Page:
Young people make up a huge proportion of the workforce because they are so cheap to employ, he says. They carry out domestic work for wealthier families and operate lathes in motorcycle repair shops. Wages range from 20 taka (16p) up to 120 taka (£1) for more skilled labourers.
“There are no rules and regulations, no official working hours and no salary structure,” says Alam. “There is no leave, no scope for education and no entertainment.”
Most have no way of saving their earnings, either. “If they ask their employer to look after it, they will often withhold some of it to try and prevent the children leaving their jobs.”
Holding on to the cash can pose even greater risks. Many of the children sleep rough and theft can be rife.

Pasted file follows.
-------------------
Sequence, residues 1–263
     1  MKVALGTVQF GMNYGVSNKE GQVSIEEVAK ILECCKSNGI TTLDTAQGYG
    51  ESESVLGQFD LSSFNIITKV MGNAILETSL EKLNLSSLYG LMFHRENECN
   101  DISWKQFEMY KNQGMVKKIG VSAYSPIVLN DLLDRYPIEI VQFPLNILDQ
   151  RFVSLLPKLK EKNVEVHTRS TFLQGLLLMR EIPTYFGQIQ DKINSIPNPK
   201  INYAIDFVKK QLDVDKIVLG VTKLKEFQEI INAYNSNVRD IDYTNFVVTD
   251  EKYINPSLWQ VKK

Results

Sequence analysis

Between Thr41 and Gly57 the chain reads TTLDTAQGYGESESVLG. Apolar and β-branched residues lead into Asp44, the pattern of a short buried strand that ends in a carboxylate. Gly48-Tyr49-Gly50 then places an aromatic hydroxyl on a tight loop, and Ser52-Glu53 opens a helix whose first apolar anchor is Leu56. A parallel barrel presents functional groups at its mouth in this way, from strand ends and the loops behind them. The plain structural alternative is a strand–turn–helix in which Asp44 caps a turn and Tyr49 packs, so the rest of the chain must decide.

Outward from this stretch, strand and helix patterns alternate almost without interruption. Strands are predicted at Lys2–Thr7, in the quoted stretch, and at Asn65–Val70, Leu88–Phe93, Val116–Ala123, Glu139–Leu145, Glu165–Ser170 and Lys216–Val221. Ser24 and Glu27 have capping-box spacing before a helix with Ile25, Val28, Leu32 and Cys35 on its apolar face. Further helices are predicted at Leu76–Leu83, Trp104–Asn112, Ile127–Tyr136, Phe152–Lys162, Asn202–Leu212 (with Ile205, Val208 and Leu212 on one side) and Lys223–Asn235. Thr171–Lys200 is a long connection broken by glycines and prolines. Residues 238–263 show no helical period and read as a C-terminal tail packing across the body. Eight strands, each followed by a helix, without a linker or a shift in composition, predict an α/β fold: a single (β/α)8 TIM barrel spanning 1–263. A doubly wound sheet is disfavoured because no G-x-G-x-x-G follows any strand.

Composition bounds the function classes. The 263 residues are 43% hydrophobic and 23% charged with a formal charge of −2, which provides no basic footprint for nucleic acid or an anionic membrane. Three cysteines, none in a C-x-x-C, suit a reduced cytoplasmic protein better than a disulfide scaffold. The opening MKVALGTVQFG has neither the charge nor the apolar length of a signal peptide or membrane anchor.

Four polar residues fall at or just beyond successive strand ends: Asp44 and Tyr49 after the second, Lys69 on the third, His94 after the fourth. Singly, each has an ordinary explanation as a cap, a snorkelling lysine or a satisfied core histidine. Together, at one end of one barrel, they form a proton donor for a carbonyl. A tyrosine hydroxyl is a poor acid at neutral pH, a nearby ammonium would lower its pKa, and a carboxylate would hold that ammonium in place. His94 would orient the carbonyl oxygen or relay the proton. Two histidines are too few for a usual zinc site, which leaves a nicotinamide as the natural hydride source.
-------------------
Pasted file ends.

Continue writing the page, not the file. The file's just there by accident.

A legal ruling in Bangladesh means that children under 18 need an adult to co-sign an application for a bank account. “These children quite often don’t live with their parents,” says Lundbak. “[Some] have been kicked out from home and they’re living in the street, this simply doesn’t work for them.”
In response to the problem, the charity created Chayabrikhkho in 2007 which allows the children to deposit their money, staffed by the children themselves on a voluntary basis.
I am volunteering as an accountant here – now I know a lot about the banking system”